This is a pretty fascinating, in-depth look at the idea of approaching CSS compression in the mindset of genetics. This guy is way smarter than me and some of these equations are way over my head, but reading this article called out another reason preprocessors (Sass, LESS) can be tremendously useful.
One thing I used to do all the time was sweat about how many times I was repeating a certain set of properties and values for CSS selectors. The repetition drove me nuts because every time I’d do it it’s more bits that need to be pushed through the pipe. When you think about that you quickly realize that there’s not much you can do before the CSS itself becomes a plate of spaghetti. Completely incoherent with no consistently or logic for that matter.
You can get a glimpse of that if you’ve ever used
@extend in Sass. It’s a magical little aspect of Sass that allows you to extend a set of rules that’s already been set. The idea is to have one selector inherit the styles of another, but tweak it just slightly, using the source as a base. If you check out what Sass outputs, you’ll notice that the selectors with which you’ve used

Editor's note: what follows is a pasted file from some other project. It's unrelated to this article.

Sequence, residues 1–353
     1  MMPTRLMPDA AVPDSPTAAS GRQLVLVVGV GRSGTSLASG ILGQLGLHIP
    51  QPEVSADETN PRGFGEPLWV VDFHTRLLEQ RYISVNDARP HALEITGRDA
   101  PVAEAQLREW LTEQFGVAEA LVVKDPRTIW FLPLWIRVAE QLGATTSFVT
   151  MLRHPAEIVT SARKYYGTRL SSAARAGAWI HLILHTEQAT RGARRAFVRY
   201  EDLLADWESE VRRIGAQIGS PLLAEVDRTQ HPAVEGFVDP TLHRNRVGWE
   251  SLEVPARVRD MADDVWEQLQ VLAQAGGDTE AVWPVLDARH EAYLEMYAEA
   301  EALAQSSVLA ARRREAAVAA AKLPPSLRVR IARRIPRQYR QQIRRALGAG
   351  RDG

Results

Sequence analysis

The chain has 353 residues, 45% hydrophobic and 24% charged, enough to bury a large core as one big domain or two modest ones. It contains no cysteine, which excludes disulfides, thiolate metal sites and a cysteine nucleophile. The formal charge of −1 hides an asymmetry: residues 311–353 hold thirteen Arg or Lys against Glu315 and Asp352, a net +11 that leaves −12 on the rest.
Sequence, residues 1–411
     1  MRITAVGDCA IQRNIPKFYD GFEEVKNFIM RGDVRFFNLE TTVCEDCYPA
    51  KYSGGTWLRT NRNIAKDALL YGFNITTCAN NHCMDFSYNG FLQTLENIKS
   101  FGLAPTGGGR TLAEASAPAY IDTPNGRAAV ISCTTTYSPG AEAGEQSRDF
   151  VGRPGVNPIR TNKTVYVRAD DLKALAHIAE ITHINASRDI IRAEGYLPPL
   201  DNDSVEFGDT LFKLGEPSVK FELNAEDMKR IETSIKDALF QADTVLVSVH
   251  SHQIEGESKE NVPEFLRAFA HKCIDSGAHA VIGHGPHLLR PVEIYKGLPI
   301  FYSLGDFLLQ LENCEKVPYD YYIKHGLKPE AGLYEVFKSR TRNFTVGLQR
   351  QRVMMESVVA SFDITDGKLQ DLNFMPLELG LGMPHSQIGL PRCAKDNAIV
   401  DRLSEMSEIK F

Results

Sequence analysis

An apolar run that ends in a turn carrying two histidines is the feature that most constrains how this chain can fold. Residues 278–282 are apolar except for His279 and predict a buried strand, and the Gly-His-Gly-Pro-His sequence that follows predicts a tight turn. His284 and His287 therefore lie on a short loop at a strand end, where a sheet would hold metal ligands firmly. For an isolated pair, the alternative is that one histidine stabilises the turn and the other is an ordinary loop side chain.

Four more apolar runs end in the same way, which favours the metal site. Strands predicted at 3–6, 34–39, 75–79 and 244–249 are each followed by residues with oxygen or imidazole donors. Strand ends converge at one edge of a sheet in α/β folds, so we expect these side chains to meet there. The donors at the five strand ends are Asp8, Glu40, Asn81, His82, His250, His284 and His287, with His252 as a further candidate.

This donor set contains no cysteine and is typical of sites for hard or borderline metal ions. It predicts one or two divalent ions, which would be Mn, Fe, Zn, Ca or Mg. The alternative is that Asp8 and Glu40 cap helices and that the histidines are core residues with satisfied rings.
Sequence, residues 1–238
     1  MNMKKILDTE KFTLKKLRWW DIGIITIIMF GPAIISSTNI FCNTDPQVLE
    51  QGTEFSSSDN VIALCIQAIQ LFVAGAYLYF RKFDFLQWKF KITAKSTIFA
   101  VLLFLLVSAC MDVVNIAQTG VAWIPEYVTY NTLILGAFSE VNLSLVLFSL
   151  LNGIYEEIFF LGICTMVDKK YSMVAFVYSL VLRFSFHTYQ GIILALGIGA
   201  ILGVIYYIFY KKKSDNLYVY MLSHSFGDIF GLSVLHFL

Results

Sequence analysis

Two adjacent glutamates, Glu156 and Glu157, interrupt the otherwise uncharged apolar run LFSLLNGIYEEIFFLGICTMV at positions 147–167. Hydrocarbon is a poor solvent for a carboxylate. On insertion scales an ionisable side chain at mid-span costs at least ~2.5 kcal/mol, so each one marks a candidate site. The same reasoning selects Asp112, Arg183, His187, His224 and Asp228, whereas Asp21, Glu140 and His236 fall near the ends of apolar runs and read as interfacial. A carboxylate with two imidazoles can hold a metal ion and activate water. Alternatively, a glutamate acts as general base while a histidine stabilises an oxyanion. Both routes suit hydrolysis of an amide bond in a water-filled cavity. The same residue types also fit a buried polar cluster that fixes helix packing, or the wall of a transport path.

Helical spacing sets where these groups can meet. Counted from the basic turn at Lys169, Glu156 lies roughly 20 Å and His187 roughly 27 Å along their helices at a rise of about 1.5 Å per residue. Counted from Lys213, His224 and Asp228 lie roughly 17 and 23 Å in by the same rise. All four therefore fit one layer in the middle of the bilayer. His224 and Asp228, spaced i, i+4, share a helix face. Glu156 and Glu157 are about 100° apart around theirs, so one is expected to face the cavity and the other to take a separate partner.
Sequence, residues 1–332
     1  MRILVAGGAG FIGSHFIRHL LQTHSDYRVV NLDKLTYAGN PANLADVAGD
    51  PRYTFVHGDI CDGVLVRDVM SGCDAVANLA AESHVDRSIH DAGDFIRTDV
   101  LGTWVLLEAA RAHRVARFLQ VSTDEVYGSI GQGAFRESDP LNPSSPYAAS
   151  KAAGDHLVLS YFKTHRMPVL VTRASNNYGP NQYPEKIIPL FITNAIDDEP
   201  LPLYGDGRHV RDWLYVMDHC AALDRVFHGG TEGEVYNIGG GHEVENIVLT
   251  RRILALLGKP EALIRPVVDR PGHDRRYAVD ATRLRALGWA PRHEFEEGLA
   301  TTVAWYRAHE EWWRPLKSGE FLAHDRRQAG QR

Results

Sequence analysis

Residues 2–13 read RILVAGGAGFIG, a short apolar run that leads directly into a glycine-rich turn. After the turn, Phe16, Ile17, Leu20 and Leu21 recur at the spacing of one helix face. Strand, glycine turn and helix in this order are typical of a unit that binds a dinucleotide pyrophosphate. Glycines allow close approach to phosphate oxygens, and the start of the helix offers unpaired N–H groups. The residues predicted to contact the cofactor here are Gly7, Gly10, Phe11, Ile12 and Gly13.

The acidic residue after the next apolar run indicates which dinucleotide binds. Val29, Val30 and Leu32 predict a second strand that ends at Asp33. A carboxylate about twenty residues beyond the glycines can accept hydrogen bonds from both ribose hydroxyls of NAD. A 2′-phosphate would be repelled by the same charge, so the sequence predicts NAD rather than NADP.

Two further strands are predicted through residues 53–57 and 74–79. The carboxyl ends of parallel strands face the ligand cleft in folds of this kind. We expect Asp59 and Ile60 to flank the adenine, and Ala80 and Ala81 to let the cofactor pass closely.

@extend are grouped in ways you didn’t write, but make the best use of CSS concerning space. If you tried to do that by hand using native CSS you’d quickly drive yourself completely mad.
There’s a fine line between the code we’re writing and what actually needs to make it to the browser. I think preprocessors could take things even further some time down the line and get the absolutely optimal stylesheet with the minimum number of characters (and therefore least weight) based on us following some established conventions when writing it. Then we could be completely verbose when we’re doing our part, but the resulting asset is as abstracted as possible so as to be the most machine-friendly. Best of both worlds?